Monday, February 27, 2012

Korean Cultural Service Presents: White Night

Keigo Higashino’s Byakuyako is the hottest literary property you’ve never heard of. Within a five year span, a Japanese television miniseries and a feature film have dramatized Higashino’s tragic decade-spanning mystery. In between the two productions, a Korean adaptation shifted the story to the ROK. Faithful to the source material, but radically different in tone from the subsequent Japanese version, Park Shin-woo’s White Night (trailer here) makes its North American debut tomorrow as the latest free screening sponsored by the Korean Cultural Service in New York.

Kim Yo-han’s father and Lee Jia’s mother were thought to be carrying on rather openly. When the senior Lee turns up murdered, she becomes the logical suspect. There are a lot of incriminating circumstances, but little hard evidence. When Lee’s mother apparently commits suicide, the case is conveniently closed. However, Detective Han Doong-soo cannot let it lay.

Over the next two decades, the three go in seemingly disparate directions. Han’s career flatlines after the accidental death of his son. Conversely, Lee Jia overcomes the stigma of her infamous mother, with the help of a name change. Now known as Yoo Mi-ho, she is poised to marry a very wealthy man. Kim more or less disappears into anonymity, but he secretly acts as Lee/Yoo’s guardian angel. Anyone threatening her advancement will answer to him.

In both films, Higashino’s two lead characters really have a way of getting into your head. Yoshihiro Fukagawa’s Into the White Night invests more time up front on their traumatic childhood, which pays greater dividends later in the film. It also more fully explains the complex circumstances of the original crime. On the other hand, Park’s version plays up the sex and scandal, making it considerably more accessible to general audiences.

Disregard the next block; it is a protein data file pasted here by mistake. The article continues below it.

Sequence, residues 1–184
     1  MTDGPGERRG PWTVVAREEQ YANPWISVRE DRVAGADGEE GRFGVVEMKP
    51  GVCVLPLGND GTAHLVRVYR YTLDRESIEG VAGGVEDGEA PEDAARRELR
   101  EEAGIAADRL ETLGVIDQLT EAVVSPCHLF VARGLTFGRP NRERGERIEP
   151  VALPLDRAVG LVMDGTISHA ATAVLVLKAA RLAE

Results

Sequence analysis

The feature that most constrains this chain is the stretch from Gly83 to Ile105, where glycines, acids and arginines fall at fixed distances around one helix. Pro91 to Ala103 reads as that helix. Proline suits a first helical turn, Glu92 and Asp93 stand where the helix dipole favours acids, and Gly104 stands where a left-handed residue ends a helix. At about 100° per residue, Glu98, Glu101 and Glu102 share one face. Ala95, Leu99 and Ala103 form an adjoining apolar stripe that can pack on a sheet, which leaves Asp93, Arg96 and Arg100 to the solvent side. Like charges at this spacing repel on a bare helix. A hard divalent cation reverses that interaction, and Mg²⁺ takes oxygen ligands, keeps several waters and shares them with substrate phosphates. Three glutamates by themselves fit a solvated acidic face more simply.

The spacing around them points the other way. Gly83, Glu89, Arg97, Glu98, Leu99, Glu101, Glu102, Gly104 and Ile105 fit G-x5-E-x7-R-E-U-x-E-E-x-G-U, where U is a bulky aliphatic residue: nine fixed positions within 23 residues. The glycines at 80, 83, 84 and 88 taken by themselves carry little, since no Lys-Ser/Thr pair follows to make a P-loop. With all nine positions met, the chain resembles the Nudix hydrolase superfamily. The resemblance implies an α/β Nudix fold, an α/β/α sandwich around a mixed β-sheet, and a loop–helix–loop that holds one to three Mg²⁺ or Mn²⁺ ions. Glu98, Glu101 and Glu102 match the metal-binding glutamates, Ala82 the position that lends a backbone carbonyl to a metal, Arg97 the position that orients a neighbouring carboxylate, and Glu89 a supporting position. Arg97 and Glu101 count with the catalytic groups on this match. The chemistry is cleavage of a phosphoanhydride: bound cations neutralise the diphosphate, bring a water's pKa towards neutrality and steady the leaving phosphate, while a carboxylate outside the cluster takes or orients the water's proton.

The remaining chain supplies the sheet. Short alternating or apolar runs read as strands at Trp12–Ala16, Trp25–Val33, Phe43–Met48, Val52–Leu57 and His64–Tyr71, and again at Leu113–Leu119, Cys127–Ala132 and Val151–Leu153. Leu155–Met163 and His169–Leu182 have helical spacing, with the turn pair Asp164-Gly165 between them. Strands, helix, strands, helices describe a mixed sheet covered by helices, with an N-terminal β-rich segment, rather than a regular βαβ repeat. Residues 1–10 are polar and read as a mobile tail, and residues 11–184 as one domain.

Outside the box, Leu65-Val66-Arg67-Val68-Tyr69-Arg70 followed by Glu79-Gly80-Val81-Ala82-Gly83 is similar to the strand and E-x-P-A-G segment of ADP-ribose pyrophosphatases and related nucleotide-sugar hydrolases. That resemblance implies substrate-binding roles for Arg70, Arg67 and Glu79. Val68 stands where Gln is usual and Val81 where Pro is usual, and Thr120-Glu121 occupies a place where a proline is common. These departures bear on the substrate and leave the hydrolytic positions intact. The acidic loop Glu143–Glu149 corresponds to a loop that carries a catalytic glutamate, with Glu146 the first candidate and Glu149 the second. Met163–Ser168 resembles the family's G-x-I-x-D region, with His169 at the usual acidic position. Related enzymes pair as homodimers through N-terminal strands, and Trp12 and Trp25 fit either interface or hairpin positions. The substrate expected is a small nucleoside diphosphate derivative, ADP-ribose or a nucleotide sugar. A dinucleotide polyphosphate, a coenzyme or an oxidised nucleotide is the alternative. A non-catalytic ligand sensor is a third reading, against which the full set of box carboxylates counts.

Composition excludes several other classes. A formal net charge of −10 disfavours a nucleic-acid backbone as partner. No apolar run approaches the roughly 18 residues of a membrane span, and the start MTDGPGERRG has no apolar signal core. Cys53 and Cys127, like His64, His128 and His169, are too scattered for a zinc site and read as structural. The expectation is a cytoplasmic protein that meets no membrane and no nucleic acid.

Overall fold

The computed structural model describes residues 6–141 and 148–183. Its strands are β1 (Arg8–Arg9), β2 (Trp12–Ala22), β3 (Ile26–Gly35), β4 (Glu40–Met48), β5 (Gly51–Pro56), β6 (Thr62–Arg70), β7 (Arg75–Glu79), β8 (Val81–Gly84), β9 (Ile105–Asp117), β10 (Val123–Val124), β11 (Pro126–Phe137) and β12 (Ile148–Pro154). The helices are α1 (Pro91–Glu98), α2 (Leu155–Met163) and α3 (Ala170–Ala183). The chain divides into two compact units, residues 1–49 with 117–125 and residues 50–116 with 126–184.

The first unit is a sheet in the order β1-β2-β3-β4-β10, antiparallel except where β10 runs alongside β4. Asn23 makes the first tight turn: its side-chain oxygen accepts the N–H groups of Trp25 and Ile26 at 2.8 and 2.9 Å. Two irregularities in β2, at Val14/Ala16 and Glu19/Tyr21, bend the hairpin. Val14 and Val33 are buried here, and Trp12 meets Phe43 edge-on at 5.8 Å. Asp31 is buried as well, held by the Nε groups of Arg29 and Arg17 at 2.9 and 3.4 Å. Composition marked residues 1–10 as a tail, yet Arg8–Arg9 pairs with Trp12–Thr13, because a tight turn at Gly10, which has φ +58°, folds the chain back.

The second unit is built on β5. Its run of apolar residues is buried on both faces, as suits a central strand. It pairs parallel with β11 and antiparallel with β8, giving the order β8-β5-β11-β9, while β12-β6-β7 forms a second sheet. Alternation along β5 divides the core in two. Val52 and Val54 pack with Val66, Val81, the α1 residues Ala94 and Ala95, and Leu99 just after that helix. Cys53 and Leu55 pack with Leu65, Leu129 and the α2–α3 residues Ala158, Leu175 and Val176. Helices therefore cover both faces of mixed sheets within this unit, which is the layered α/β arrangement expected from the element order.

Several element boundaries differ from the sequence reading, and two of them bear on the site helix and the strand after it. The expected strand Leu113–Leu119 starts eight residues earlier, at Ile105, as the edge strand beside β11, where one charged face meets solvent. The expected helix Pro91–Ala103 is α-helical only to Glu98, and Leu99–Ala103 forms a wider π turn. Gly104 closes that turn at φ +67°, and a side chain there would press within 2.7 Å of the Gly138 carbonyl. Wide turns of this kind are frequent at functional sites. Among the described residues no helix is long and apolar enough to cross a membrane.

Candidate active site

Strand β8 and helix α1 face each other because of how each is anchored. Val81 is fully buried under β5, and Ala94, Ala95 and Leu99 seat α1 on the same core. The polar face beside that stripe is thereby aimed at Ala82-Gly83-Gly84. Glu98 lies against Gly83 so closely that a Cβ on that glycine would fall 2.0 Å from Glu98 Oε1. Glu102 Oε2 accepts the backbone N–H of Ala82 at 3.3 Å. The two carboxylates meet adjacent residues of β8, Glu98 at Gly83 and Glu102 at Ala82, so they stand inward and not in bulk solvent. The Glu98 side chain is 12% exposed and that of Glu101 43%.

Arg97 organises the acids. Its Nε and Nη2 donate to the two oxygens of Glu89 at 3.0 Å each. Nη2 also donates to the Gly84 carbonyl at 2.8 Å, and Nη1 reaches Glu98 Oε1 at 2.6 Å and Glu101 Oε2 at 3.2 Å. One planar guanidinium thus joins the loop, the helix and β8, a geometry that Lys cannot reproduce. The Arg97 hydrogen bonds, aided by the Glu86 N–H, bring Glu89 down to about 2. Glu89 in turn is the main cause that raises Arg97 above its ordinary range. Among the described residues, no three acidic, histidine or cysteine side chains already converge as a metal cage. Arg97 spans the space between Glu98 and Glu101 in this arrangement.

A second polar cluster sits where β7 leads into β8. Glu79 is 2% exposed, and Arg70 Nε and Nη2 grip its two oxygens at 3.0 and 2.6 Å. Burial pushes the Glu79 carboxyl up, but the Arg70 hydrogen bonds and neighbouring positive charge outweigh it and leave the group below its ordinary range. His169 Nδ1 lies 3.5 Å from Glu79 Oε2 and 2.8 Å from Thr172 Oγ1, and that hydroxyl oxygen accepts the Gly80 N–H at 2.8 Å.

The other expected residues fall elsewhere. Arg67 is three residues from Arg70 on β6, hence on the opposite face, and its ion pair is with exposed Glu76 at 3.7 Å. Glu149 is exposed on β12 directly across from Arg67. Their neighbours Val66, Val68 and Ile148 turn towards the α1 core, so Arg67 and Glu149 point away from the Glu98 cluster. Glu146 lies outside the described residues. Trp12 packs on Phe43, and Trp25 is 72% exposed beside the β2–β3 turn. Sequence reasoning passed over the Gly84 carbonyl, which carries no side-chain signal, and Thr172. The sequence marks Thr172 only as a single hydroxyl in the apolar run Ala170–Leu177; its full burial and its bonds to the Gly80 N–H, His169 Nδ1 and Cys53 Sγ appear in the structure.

White Night features a strong ensemble, but Go Soo might just take the honors over his Japanese counterpart as the adult Kim Yo-han. It is an intense performance, viscerally projecting his pain and ferocity in equal measure. While her character is icier and less vulnerable here (by design), Son Ye-jin is undeniably a striking and rather nuanced femme fatale (much as she was in the stylistically similar Open City). Indeed, her limited screen time with (or near) Go Soo is powerfully potent stuff.

While Fukagawa’s Night is a tour de force among psychological thrillers, Park’s Night is still a devilishly twisted crime drama. It also happens to be playing in town for free, which cannot be said for either Japanese version this week. Highly recommended in its own right, Park’s White Night screens tomorrow (2/28) at the Tribeca Cinemas, courtesy of the Korean Cultural Service.